Moods are a state of being that reflect how we are feeling – they are different from emotions in that there really are only two different types, good and bad; whereas there are a range of emotions that we all know and experience on a daily basis. Strangely enough, the word mood derives from the Old English word mōd which was a military term used to describe a soldier’s courage and valiance in battle, the meaning evolved to describe any person’s temper or disposition.

The food we put into our mouths has a direct effect on how we are feeling on any given day. Our entire disposition is related to the various nutrients (and non-nutrients) that we let into our gastrointestinal tract and in turn the effect these have on the brain and other parts of the central nervous system.

Happy food equals increased Serotonin in our Gut

The common consensus used to be that our moods are almost entirely affected by varying levels and interactions of certain neurotransmitters in our brain, spinal cord (central nervous system) and peripheral nervous system. But research has shown that most of our mood and happiness is dictated by serotonin levels in our gut and alimentary canal!

It may sound startling but approximately 95% of all the serotonin in our body is produced in our gut, often dubbed the second brain, where it regulates intestinal movements that facilitate nutrient absorption (by passing the mostly digested food over the villi – the finger-like projections that actively absorb the nutrients). Our alimentary canal (fancy word for gut) consists not only of villi but also of nearly some 100 million neuronal sheaths – collectively referred to as the enteric nervous system – amazingly, this is more than the neurons in the peripheral nervous system and spinal cord put together!! The enteric nervous system also appears to operate independently to our brain and spinal cord – which has given rise to a whole new field of research termed ‘neurogastroenterology’.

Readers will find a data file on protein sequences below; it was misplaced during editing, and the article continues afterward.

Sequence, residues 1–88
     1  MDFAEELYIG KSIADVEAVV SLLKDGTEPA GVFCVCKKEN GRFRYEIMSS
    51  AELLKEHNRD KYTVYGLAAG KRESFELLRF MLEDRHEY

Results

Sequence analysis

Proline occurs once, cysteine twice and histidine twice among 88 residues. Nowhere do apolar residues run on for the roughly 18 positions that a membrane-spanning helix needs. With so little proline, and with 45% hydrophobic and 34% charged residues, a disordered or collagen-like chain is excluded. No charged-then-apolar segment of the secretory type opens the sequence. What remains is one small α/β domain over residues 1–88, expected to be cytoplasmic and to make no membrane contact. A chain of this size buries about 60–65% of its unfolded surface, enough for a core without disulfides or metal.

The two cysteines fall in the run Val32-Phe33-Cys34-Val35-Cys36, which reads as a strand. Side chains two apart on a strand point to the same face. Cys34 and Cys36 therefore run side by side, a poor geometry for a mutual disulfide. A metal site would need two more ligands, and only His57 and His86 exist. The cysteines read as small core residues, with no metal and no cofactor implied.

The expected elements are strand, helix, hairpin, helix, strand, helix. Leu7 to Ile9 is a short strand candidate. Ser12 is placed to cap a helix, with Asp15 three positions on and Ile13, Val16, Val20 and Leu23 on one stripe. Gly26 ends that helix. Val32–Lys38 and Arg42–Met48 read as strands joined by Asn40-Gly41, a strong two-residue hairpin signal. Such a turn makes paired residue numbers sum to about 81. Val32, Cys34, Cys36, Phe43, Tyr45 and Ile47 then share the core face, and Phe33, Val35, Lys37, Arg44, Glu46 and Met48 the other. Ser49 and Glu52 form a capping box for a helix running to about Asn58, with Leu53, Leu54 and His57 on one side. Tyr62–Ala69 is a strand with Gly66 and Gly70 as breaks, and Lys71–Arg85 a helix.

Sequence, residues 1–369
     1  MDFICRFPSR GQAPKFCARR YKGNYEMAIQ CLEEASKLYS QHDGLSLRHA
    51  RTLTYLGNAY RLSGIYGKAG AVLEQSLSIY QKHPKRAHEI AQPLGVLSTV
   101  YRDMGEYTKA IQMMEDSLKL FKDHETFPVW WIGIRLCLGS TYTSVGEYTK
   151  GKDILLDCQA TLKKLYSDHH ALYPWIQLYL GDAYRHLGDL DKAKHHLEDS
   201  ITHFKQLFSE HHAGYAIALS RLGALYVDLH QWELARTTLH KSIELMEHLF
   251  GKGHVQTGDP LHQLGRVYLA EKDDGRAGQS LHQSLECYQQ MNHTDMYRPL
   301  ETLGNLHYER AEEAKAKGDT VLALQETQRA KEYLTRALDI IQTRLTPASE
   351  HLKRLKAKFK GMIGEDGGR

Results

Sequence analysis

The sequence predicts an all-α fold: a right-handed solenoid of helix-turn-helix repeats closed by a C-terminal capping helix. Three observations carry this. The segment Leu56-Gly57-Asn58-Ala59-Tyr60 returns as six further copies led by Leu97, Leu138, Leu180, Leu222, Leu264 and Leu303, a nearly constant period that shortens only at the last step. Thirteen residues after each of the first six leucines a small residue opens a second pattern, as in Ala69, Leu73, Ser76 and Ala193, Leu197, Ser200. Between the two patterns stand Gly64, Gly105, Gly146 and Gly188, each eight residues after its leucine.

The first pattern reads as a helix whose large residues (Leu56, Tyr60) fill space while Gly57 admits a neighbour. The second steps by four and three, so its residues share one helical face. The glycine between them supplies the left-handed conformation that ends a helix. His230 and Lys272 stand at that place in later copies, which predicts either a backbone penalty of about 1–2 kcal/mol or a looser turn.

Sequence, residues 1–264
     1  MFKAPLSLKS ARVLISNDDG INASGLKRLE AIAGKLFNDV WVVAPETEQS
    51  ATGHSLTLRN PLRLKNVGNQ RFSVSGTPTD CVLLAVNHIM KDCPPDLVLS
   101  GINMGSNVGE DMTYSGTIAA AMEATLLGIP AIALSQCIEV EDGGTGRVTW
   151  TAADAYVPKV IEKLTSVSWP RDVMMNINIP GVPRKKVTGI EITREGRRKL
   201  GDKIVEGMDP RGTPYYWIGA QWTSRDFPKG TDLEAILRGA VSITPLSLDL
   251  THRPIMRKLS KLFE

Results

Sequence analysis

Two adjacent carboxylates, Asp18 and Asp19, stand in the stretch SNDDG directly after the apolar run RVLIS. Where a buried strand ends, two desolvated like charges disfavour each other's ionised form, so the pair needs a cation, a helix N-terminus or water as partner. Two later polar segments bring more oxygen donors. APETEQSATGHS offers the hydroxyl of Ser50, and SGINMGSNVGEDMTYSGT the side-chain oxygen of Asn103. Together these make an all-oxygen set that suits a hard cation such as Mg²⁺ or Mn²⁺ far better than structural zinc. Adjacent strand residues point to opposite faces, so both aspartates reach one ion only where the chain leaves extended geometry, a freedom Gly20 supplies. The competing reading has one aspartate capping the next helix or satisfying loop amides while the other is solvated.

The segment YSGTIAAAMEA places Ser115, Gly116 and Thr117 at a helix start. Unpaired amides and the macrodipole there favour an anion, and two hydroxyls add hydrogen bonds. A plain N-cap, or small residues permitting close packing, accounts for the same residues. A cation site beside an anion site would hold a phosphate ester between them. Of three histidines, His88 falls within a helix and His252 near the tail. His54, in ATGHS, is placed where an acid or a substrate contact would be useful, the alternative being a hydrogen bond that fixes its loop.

So happiness or a good mood appears to begin in our gut and then communicates with our brains via the vagus nerve. Interestingly, 50% of all dopamine, the other neurotransmitter responsible for healthy moods, is also  produced in the gut!

Where does Serotonin come from?

Serotonin is made from the essential amino acid tryptophan (essential here means our body can’t make it from scratch, it has to come from our diet). So looking out for foods that have high tryptophan content makes sense.

Amino acids are the building blocks of proteins and as such protein rich foods such as meats, particularly red meat, have high tryptophan content – although research has revealed that an excessive consumption of protein can actually negatively affect the conversion of tryptophan to serotonin plus the amino acids phenylalanine and tyrosine compete with serotonin for absorption into the blood stream and then again when they are trying to cross the blood brain barrier.

All fruits are high in tryptophan but particularly strawberries and apples seem to have high levels. Vegetables with the highest tryptophan content are legumes such as alfalfa, clover, peas, beans, lentils, soybeans and peanuts are all high in tryptophan.

Breakfast is the Key to a Good Mood during the Day

Having gluten free oatmeal first thing in the morning is supposed to have a net positive effect on mood. The whole grains and fibre combination in oatmeal appears to help stabilise blood sugar levels. It appears a bowl of porridge a day may fend off the dangerous sugar spikes that appear to lead to the development of type 2 diabetes.

Walnuts in the oatmeal can be a good combination as walnuts are high in protein and also essential Omega 3 fatty acids needed for our brain and central nervous system to be maintained and develop optimally.

Berries are also a great addition to oatmeal as they add a nice flavour and have low fructose to glucose ratio compared with other fruits. Fructose appears to be more readily stored as fat and converted to LDL cholesterol – glucose is also more readily used up in the body to make energy in the form of adenosine triphosphate (ATP) which is used as an energy source throughout the body to catalyse and maintain essential reactions to keep the body going. Another reason to try and avoid fruits high in fructose is that the metabolism of fructose appears to tax the liver more than glucose – and a happy liver means a happy mood.

Smiling while you Chew can make you Happy

Neuroscientists using MRI scans have discovered that the simple act of smiling affects the circuitry in our brains – instantly lifting our moods. So if this is really the case – then maybe if we try to smile a bit more whilst in the act of eating, then this will have a net positive effect on the food once it hits our stomach. It sounds weird but science is confirming that the mechanical act of smiling can have chemical effects throughout the body. So smile a little more people! Especially when you eat – even if some food falls out of your mouth!

You’ll also make others happy when you do this. Smiling is infectious!

Happy Foods and Spices